Two Colorado brothers who grew listeria-contaminated cantaloupe in an outbreak that killed 33 people nationwide and sickened hundreds more were criminally charged Thursday by federal authorities.
Eric Jensen, 37, and Ryan Jensen, 33, turned themselves in to federal marshals and pleaded not guilty to six misdemeanor counts of introducing adulterated food into the food supply. The fourth-generation family farmers from Holly, in southeastern Colorado, were shackled at the wrists during their federal court hearing.
The outbreak two years ago this month was linked to Jensen Farms after an investigation traced half-eaten cantaloupe taken from patients' refrigerators, to grocery stores and then to the farm. The Centers for Disease Control and Prevention officially has linked 33 deaths and a miscarriage to the outbreak, although 10 other people who had been infected with listeria bacteria after eating Jensen cantaloupe also have died.
The federal charges each carry up to one year in prison and a $250,000 fine. A trial date was set for Dec. 2.
The Jensens' attorneys emphasized that the farm has cooperated with investigators all along; neither side would comment on whether a plea bargain is under negotiation.
"The charges against Eric and Ryan Jensen do not imply that they knew, or even should have known, that the cantaloupes had been contaminated," said a statement issued by their lawyer. "As they were from the first day of this tragedy, the Jensens remain shocked, saddened, and in prayerful remembrance of the victims and their families."
The brothers declined to comment.
Many widespread cases of foodborne illness go without prosecution of growers or distributors. U.S. Attorney spokesman Jeff Dorschner said the Jensen case stood out because of "the magnitude of the number of people who were hospitalized and who died, and it involved 28 of the 50 states."
Victims and food-safety experts expressed surprise and satisfaction that charges had been brought from the 2011 outbreak. They said highlighting sloppy practices would send the system a message about food safety.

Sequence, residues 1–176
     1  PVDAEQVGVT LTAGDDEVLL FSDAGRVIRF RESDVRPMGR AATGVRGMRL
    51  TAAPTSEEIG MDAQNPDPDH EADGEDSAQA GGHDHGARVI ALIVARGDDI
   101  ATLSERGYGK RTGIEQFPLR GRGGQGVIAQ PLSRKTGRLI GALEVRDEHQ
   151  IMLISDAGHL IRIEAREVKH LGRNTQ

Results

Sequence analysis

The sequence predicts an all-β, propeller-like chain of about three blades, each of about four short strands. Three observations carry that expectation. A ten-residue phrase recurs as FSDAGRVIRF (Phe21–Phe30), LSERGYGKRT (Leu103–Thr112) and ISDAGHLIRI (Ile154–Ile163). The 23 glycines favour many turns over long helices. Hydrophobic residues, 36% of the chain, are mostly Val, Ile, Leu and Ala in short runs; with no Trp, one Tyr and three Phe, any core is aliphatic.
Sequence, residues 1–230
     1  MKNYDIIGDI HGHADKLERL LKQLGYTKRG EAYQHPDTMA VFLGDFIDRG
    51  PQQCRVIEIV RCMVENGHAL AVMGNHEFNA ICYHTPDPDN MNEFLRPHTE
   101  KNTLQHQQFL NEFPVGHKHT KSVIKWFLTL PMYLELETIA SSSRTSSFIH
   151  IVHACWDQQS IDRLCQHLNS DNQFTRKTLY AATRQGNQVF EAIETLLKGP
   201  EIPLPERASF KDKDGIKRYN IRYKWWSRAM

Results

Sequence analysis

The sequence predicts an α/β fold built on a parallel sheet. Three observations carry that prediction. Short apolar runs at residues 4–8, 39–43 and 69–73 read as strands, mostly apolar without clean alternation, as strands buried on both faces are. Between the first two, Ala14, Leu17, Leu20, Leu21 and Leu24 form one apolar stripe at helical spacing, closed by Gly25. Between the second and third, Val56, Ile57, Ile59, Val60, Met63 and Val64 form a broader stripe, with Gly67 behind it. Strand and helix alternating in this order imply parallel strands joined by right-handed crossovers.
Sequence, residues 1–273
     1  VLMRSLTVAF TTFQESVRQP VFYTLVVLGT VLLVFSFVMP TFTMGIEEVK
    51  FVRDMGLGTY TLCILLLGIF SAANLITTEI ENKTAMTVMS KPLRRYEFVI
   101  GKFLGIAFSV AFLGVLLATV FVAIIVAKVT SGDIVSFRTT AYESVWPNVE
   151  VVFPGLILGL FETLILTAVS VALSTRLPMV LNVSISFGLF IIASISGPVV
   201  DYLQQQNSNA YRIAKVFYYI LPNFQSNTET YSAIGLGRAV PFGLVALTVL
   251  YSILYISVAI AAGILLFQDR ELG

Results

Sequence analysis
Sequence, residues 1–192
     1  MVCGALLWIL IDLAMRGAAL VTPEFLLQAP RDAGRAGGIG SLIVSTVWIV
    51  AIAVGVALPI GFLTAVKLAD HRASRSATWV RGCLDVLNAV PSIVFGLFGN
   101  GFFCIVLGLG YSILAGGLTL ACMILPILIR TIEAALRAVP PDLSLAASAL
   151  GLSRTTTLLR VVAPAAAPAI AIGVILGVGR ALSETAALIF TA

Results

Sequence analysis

Jennifer Exley, whose father, Herb Stevens, was sickened by a contaminated cantaloupe and died in July, went to the hearing because she said she wanted to see the Jensen brothers in person. She has never spoken to them. The two farmers awaited their arraignment in a jury box with a handful of other men brought to court in chains.
"I wanted to humanize this for me," Exley said outside the federal courthouse.
"I'm glad they were charged. I don't think they did anything on purpose, but I think they had very sloppy farming practices."
Victims, attorneys and food- safety experts have speculated since 2011 whether what happened at Jensen Farms would lead to any federal court action. Past prosecutions in food safety cases have proved mercurial and often took years from the time consumers were first sickened by pathogens.
"This is an unprecedented thing; it's not the norm," said Amanda Hitt, an attorney with the Government Accountability Project, a whistleblower-supporting group in Washington, D.C.
Civil lawsuits by victims are not enough to persuade food companies to clean up, Hitt said.
Food safety attorney Bill Marler of Seattle, who represents most of the victims of the listeria outbreak, praised the news but said prosecutors should consider going after the grocery stores and others.
"We will never have safe food from 'farm to fork' until the entire chain of distribution is held accountable for the food that they make a profit from," Marler said.
No public information had surfaced that Ryan or Eric Jensen knew they had any safety problems. Experts who have watched past food safety outbreaks said federal prosecutors do not usually pursue a case unless there is clear evidence that owners knew of or ignored obvious signs of contamination.
"As this case so tragically reminds us, food processors play a critical role in ensuring that our food is safe," U.S. Attorney John Walsh said in a statement. "They bear a special responsibility to ensure that the food they produce and sell is not dangerous to the public."
Federal prosecutors can bring misdemeanor-level cases based on the simple fact of distributing contaminated food, regardless of who knew what or when they knew it. But they rarely do so, saving their firepower for wider felony cases with a "knowing" element of malice.
The Jensens, by contrast, told experts the changes they made between 2010 and 2011 were meant to make food safer. Federal guidelines at the time were not clear, but Thursday's charges quote an FDA official saying the Jensens should have used a chlorine bath to kill bacteria.
FDA inspectors said their sorter was meant for raw potatoes and allowed dirty water to pool and recontaminate melons.
Numerous lawsuits have been brought by victims against the Jensens, their distributors, auditors and grocery stores. The Jensens eventually filed bankruptcy, and their insurance was put in a pool to compensate victims.
Michael Booth: 303-954-1686, firstname.lastname@example.org or twitter.com/mboothdp